In Botswana, a vast semi-desert territory shelters an abundant fauna but also one of the oldest peoples of the globe. Despised by some, cherished by others, the Bushmen of Kalahari form the salt of the land of Southern Africa and one of the best reasons to go to this corner of the world. After spotting an isolated strand of grass emerging from the ground, the venerable man sits down and starts digging with his spear. About fifteen minutes later, he extracted a tube as large as a knee, which he began to grate to obtain a white and soft paste. He soon presses it with his palm above his mouth, in order to drink of the milky water which flows from it.
“Even at the worst of the dry season, there is always water for anyone who knows how to find it in the desert” says my guide and interpreter.
I have been walking with her for about an hour and a dozen Bushmen (also called Bushmen, or San), proud representatives of the oldest people in Africa, as part of an outing organized by the camp where I stay. And I am amazed in astonishment by discovering how these seemingly frail and graceful beings evolve in total symbiosis with their harsh environment. One thing is certain, they have no equal to flush out porcupines, tamanoirs and other snacks on all fours, which they track down to their burrows thanks to their filiform bodies and their long lances. Even scorpions do not escape their flair, and they can extirpate them from their nest buried 50 centimeters from the surface of the ground. The Bushmen themselves have antediluvian origins: in 2012, tools identical to those they use today, found in South Africa, date back 44,000 years. There would be only a few tens of thousands living in southern Africa – perhaps 100,000 – of which here in Makgadikgadi, northeastern Botswana.
It was the eve of this amazing journey that I arrived in this whitish extension of the Kalahari desert.Along the way, nothing, or almost, compared to the rich vegetation of the Okavango, in the heart of which I had just spent a week of animal voyeurism. The impression of distance from this desert on horseback over several countries in southern Africa was all the stronger, especially when the first white spots tapped the horizon, from the air: the pans.
Despite the hostility of the surroundings, there are no beasts missing: contingents of pink flamingos and thousands of wildebeests looking for grasses during the wet season (November to April); Springboks, aardvark, cheetahs, brown hyenas and zebras in general … And above all, the Makgadikgadi sections are frequented by a large population of Kalahari lions. More massive than their northern cousins and with an impressive black mane, they are also more characteristic of the region. “It’s because of the friction with the breeders” explains Eric Muzebelt, Dutch guide born in Rwanda. They have long hunted them to protect their cattle, but now they have no right to do so. “Last year, Botswana banned hunting all over its territory, thus becoming a wildlife haven unparalleled in Africa. But while we are still allowing rich foreign hunters to shoot down large game to bring trophies to private reserves, the banning of hunting is an indiscriminate target for all Botswana, including the Bushmen. Now a man who has not killed an animal with a bow and arrow remains a child, says the Bushmen. To continue hunting as they have since the dawn of time, they now have to get a license – though in fact many continue to indiscriminately hunt for subsistence hunting on small prey.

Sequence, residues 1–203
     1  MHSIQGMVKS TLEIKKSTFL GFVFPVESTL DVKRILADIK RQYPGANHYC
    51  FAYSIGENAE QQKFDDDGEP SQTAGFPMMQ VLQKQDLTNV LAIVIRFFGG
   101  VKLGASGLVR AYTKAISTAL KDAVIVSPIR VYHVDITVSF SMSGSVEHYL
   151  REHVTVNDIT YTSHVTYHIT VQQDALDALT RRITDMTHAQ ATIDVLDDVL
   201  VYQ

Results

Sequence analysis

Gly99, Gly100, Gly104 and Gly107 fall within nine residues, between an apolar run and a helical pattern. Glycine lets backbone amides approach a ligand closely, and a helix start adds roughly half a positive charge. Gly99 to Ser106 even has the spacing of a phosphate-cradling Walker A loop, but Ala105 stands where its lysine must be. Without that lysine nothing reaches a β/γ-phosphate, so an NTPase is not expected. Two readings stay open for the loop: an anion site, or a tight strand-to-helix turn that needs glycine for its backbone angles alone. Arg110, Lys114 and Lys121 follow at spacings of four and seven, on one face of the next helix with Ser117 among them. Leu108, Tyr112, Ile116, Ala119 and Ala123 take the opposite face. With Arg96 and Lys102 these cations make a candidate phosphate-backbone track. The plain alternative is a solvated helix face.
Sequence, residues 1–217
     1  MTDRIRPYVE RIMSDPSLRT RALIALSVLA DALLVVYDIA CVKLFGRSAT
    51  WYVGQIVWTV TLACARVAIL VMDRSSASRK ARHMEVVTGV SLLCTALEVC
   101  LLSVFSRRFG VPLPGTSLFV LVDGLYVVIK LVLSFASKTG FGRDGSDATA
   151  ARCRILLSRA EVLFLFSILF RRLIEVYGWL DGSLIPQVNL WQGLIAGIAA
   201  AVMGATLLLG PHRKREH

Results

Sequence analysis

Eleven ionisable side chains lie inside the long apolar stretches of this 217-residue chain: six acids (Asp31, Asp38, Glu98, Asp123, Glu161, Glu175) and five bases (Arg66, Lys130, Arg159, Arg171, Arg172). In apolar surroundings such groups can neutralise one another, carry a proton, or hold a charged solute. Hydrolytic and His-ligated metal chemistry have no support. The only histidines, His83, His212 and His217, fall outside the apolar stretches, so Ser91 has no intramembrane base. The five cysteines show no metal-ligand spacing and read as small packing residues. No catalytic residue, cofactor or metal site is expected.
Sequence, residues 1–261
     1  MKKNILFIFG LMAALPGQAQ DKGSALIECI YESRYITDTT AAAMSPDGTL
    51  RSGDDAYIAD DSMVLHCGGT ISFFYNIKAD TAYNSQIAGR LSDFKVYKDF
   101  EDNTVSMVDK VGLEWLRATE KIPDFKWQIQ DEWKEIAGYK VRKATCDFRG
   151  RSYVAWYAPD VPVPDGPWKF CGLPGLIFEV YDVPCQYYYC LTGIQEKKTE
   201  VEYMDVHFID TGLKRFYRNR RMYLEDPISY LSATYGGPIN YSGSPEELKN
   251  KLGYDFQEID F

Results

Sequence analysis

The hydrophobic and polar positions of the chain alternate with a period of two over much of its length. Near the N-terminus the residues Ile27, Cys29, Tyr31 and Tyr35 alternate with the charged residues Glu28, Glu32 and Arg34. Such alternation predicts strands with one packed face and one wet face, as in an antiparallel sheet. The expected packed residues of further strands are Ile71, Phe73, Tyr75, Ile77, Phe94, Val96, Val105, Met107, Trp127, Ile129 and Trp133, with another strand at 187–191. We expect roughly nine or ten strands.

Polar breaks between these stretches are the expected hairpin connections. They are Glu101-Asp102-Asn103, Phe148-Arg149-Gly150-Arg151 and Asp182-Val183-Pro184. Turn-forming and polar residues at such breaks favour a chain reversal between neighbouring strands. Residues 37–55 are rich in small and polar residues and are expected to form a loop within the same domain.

“It should be borne in mind, however, that no license has ever been issued to a Bushman: for the Botswana government, it is another way to bother these people, after having prevented them from occupying their ancestral lands, rich in Mining deposits in the central Kalahari” said Alice Bayer, spokesman for Survival International, an NGO that even calls for boycotting tourism in Botswana to urge the government to respect its most illustrious minority.
But if more and more young Bushmen agree to be settled and want to access modern life, others want to perpetuate the traditions of their venerable ancestors. And in the present state of affairs, few avenues other than those of tourism present themselves to them to get there. This is what Xushe Xwii, 21, who came back to live in his village of Xai Xai after high school to act as a guide-interpreter at Jack’s Camp, which employs some 30 Bushmen living in the vicinity of Of Makgadikgadi. “Walking with you allows me to share my culture and help keep her alive,” she says, dressed in antelope skin clothes – which no more Bushmen, or almost anything, wears on a daily basis – as always That it leaves to walk at the borders of the folklore and the cultural survival.
Despite their extraordinary contribution to the culture of this country, the Bushmen remain opprobrious by a majority of Botswana, who regard them as a primitive and inferior people. Yet they are among those with the greatest genetic diversity in Africa, they are part of one of the ancestral peoples of which a majority of humans live, and they continue to evolve in a More hostile. This is enough to justify a stay in the Kalahari: playing the animal voyeur is fine, but touching an essential fragment of humanity is infinitely better.